Stiffness Matters: Reducing Achilles Tendon Injuries with Shoes and Surfaces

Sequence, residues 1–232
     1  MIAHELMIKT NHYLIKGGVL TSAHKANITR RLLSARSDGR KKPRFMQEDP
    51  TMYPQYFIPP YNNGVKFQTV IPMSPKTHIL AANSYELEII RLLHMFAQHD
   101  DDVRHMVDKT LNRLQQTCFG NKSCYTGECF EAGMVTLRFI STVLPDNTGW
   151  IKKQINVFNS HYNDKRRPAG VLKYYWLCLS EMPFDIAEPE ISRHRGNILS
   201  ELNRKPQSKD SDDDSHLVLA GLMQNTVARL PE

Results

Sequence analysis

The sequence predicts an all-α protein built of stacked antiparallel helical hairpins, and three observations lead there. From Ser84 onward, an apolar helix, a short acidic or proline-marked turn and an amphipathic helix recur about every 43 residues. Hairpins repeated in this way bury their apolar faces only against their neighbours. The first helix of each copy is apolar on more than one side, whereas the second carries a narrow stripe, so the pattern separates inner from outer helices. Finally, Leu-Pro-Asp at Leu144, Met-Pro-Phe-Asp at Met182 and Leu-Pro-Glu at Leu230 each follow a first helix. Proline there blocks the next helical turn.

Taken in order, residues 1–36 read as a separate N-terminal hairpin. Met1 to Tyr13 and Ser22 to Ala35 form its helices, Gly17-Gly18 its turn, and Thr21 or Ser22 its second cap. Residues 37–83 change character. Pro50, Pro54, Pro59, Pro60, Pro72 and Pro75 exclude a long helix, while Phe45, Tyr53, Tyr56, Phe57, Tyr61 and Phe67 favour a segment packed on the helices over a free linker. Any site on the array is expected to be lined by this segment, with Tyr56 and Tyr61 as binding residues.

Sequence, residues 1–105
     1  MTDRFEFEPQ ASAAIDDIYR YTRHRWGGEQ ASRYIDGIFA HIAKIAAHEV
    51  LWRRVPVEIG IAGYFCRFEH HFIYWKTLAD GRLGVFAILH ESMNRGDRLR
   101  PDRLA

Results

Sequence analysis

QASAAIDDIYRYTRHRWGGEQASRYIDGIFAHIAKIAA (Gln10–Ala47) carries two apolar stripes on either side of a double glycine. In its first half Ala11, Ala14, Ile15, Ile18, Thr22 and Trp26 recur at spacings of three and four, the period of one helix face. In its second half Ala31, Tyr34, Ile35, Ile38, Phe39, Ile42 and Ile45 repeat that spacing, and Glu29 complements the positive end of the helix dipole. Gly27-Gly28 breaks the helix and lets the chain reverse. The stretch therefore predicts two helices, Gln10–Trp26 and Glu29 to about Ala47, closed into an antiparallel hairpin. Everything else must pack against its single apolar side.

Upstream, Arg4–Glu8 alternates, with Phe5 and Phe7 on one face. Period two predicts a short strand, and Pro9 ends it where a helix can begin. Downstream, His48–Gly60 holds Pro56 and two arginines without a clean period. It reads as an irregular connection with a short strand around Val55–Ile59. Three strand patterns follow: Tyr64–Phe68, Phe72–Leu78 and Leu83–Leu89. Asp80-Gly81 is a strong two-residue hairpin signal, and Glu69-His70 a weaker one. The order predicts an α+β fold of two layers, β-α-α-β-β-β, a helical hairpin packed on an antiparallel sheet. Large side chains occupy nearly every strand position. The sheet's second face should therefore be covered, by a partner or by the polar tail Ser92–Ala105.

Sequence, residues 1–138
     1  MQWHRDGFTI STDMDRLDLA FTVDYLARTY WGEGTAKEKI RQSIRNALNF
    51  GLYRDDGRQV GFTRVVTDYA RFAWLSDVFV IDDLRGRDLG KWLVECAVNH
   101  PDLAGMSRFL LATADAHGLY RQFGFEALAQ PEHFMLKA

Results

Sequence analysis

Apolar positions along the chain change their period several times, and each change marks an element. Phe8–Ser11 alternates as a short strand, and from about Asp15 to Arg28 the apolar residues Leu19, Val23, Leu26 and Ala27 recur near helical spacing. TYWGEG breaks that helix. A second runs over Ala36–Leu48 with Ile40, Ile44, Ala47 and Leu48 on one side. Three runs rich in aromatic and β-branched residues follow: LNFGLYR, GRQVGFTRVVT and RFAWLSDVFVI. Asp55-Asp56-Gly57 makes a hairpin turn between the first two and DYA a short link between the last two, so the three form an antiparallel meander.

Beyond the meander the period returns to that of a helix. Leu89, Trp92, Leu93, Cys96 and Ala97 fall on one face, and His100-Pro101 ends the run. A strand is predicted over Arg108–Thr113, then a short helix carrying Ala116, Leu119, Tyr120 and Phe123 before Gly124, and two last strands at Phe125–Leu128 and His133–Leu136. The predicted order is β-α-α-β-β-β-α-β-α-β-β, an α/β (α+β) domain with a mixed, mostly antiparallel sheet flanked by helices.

Newswise — Athletes who participate in jumping sports, such as basketball and volleyball, often develop pain in their Achilles tendon, which connects the calf muscles to the heel. This injury, known as Achilles tendinopathy, can sideline athletes for months. If untreated, this condition may lead to a complete tear. Achilles tendinopathy occurs when the tendon is repeatedly strained (or elongated) past a certain threshold. In this study, researchers used 3-D motion capture technology to measure the amount of Achilles tendon elongation, or strain, during jumping in a group of 30 male basketball players. These athletes jumped in shoes that had different midsole stiffness and on playing surfaces with different subfloor construction. It was found that Achilles tendon strains were reduced in the least stiff shoe and on the surface with a foam subfloor; no changes in peak jump height were observed. These results indicate that playing in a less stiff shoe and on a surface with a foam subfloor may be effective in reducing the risk of Achilles tendinopathy in basketball athletes without lowering their athletic performance. View the abstract or contact the investigator.